I’m still trying to work out the best approach for solving these sorts of use cases in current versions of PostgreSQL... I’m curious how others are solving this?

-Jeremy

Sent from my TI-83
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Re: Trigger when user logs in

Jeremy Schneider-2

> On Apr 13, 2019, at 17:28, Schneider, Jeremy <[hidden email]> wrote:
>
>> On Apr 11, 2019, at 19:52, Tom Lane <[hidden email]> wrote:
>>
>> Ron <[hidden email]> writes:
>>> I bet requests like this will start to make it onto the beaten path.
>>
>> Meh.  I'm not that excited about inventing our own versions of wheels
>> that already exist, especially when there's nothing very Postgres-specific
>> about the requirements.  Notice that the example I pointed you at is for
>> sshd not Postgres.  IMO the fact that you can use the same tool to solve
>> both cases is a good thing.
>
> This might work for sending an email, but not very useful if I want to do something in the database.
>
> For example, one very common use of logon triggers in other databases is to look at various connection parameters (like username or source IP) and enable sql logging or debugging for only certain cases (not always doing the same thing for a particular user). Another common use case is to do something like running plpgsql or manipulating data in db tables - but again looking at some combination of things at a database level to make a decision about what to do; for example the application itself might enable or disable certain behaviors by setting values in a configuration table.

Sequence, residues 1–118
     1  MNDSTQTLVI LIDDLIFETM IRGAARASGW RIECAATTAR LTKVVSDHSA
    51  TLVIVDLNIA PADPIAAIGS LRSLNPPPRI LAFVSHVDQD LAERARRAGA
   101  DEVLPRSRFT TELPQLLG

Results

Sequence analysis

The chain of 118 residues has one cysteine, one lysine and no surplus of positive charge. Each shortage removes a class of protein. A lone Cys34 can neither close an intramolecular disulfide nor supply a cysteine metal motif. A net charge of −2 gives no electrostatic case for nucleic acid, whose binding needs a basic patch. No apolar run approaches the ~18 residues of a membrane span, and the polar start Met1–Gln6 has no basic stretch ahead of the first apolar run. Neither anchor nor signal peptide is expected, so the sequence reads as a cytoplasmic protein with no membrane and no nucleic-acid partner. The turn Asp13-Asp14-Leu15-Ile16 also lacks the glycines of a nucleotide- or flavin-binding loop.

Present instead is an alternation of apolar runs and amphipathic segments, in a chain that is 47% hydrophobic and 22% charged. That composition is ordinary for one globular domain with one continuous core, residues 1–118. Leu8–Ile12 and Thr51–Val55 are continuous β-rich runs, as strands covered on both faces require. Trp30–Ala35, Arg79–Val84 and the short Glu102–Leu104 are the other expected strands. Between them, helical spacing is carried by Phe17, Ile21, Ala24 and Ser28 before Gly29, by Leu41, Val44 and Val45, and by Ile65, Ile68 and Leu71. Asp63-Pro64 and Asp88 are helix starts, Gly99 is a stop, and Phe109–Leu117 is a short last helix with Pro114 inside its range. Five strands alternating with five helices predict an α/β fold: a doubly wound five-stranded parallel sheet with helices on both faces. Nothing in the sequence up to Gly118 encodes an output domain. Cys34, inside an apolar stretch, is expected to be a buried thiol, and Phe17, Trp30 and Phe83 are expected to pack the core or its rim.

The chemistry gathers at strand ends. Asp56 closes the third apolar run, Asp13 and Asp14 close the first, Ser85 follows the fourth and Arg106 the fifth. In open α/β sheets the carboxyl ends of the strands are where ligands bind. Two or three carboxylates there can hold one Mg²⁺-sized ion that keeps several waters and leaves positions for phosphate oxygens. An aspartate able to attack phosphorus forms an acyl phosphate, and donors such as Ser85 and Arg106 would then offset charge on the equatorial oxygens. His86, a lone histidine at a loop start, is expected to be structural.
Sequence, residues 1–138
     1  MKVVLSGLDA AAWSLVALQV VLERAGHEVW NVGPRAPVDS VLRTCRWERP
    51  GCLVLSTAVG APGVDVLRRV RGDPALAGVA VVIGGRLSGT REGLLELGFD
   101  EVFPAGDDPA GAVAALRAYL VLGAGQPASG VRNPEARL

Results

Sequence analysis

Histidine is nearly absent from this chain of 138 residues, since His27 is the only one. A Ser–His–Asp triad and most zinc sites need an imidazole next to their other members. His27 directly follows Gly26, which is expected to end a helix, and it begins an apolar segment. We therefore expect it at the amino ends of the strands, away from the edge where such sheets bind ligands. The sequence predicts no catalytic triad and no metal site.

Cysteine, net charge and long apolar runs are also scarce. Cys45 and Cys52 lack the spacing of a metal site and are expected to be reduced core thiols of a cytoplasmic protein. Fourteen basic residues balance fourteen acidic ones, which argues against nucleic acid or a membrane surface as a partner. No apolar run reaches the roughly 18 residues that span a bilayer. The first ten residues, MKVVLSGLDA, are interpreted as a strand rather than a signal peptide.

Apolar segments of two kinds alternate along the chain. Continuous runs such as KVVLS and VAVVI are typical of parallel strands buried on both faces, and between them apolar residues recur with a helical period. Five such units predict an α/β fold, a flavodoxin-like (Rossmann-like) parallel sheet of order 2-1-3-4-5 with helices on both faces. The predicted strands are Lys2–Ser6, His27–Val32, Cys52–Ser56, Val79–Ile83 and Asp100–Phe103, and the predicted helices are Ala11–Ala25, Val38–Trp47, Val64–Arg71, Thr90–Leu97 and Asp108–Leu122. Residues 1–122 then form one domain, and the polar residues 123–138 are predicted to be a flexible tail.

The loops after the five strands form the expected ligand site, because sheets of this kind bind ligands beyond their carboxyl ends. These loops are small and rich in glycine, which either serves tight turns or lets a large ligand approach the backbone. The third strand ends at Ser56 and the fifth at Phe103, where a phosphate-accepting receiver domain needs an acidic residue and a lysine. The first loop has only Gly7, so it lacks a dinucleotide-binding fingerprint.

Probably worth mentioning that I’m all for solving this in the application - just that I’ve experienced many cases in the past where it wasn’t feasible or even possible to get the sorts of changes I’d need into applications using the databases that I was responsible for.

> I’m still trying to work out the best approach for solving these sorts of use cases in current versions of PostgreSQL... I’m curious how others are solving this?
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Re: Trigger when user logs in

Dan Langille
Pushover.net comes to mind. 

The email sending should not delay login. 

If you want notifications,  look at mqtt. 


Lightweight, non-pausing solution. 

HTH

--
  Dan Langille



On Sat, Apr 13, 2019, at 9:16 PM, Schneider, Jeremy wrote:

> On Apr 13, 2019, at 17:28, Schneider, Jeremy <[hidden email]> wrote:

>> On Apr 11, 2019, at 19:52, Tom Lane <[hidden email]> wrote:
>> 
>> Ron <[hidden email]> writes: